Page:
Advanced Search
MyIDEAS: Login to save this paper or follow this series

Exchange Market Pressure and Absorption by International Reserves: Emerging Markets and Fear of Reserve Loss During the 2008-09 Crisis

Contents:

Author Info

  • Aizenman, Joshua
  • Hutchison, Michael

Abstract

This paper evaluates how the global financial crisis emanating from theU.S. was transmitted to emerging markets. Our focus is on the extent thatthe crisis caused external market pressures (EMP), and whether theabsorption of the shock was mainly through exchange rate depreciation orthe loss of international reserves. Controlling for variety of factorsassociated with EMP, we find clear evidence that emerging markets withhigher total foreign liabilities, including short- and long-term debt,equities, FDI and derivative products—had greater exposure and weremuch more vulnerable to the financial crisis. Countries with large balancesheet exposure -- high external portfolio liabilities exceeding internationalreserves—absorbed the global shock by allowing greater exchange ratedepreciation and comparatively less reserve loss. Despite the remarkablebuildup of international reserves by emerging markets during the periodprior to the financial crisis, countries relied primarily on exchange ratedepreciation rather than reserve loss to absorb most of the exchangemarket pressure shock. This could reflect a deliberate choice (“fear ofreserve loss†or competitive depreciations) or market actions that causedvery rapid exchange rate adjustment, especially in emerging markets withopen capital markets, overwhelming policy actions.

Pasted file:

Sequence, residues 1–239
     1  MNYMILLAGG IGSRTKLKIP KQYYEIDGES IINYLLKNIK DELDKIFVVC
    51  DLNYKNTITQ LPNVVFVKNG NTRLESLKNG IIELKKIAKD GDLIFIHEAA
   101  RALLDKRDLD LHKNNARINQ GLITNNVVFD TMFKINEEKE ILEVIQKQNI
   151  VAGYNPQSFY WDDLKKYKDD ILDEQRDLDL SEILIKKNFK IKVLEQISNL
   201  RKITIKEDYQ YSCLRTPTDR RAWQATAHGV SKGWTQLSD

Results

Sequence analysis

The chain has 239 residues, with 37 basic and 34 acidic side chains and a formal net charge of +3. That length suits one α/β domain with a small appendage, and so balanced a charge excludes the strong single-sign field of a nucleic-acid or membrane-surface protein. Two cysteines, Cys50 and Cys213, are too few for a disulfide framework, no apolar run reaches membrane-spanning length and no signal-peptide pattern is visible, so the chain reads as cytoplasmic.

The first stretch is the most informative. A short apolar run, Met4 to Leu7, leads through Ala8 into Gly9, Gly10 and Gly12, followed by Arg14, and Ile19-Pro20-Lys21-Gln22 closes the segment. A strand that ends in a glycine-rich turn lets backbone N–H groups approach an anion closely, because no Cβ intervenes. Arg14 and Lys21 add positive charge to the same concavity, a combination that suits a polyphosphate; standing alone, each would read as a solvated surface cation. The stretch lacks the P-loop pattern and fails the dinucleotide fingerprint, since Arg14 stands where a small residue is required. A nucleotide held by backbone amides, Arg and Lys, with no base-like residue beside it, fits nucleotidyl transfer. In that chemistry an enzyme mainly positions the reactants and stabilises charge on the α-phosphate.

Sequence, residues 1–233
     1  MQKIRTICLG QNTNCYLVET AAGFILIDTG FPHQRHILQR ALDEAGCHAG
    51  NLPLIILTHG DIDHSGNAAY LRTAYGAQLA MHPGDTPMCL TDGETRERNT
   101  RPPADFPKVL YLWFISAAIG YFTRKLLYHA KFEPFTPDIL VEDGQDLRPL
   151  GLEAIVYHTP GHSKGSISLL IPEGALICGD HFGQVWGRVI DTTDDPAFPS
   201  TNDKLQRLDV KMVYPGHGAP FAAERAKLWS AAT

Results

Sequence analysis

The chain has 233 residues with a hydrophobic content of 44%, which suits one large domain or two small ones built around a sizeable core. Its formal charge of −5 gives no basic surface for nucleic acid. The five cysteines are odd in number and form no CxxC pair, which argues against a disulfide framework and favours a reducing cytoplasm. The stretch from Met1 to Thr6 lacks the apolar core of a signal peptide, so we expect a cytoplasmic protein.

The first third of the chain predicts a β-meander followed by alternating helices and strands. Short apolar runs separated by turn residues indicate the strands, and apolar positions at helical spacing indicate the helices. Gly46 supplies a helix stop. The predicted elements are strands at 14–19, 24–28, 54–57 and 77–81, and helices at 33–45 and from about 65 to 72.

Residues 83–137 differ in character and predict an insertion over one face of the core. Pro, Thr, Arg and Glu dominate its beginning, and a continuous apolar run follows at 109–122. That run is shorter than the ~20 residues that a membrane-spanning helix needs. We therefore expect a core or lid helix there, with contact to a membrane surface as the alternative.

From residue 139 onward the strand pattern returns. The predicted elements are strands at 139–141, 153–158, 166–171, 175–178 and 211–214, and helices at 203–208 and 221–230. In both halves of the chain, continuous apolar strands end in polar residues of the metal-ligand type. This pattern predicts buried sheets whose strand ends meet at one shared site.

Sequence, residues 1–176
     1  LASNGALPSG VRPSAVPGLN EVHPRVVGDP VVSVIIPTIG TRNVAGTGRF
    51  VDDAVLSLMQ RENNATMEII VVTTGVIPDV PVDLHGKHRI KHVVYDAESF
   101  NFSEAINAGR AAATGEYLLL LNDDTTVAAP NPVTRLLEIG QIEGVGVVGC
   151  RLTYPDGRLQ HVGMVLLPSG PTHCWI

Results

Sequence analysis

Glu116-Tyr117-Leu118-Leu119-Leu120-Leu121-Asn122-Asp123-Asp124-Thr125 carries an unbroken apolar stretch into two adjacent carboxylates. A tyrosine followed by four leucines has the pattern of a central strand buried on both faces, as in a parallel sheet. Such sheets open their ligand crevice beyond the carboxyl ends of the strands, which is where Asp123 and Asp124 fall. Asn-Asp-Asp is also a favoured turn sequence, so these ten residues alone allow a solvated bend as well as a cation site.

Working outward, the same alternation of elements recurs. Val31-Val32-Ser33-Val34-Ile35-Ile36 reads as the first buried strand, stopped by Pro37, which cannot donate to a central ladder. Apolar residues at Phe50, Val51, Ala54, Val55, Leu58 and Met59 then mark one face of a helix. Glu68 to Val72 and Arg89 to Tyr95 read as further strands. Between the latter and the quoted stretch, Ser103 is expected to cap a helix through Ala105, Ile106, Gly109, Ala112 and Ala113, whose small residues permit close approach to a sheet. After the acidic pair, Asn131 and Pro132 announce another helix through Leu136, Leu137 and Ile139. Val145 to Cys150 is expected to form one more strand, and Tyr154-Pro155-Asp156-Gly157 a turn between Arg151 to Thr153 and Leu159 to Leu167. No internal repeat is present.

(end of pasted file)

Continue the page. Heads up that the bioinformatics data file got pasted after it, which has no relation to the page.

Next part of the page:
Download Info

If you experience problems downloading a file, check if you have the proper application to view it first. In case of further problems read the IDEAS help page. Note that these files are not on the IDEAS site. Please be patient as the files may be large.
File URL: http://www.escholarship.org/uc/item/8g25f4qs.pdf;origin=repeccitec
Download Restriction: no

Bibliographic Info

Paper provided by Department of Economics, UC Santa Cruz in its series Santa Cruz Department of Economics, Working Paper Series with number qt8g25f4qs.

as in new window
Length:
Date of creation: 15 Sep 2010
Date of revision:
Handle: RePEc:cdl:ucscec:qt8g25f4qs

Contact details of provider:
Postal: Santa Cruz, CA 95064
Phone: (831) 459-2743
Fax: (831) 459-5077
Email:
Web page: http://www.escholarship.org/repec/ucscecon/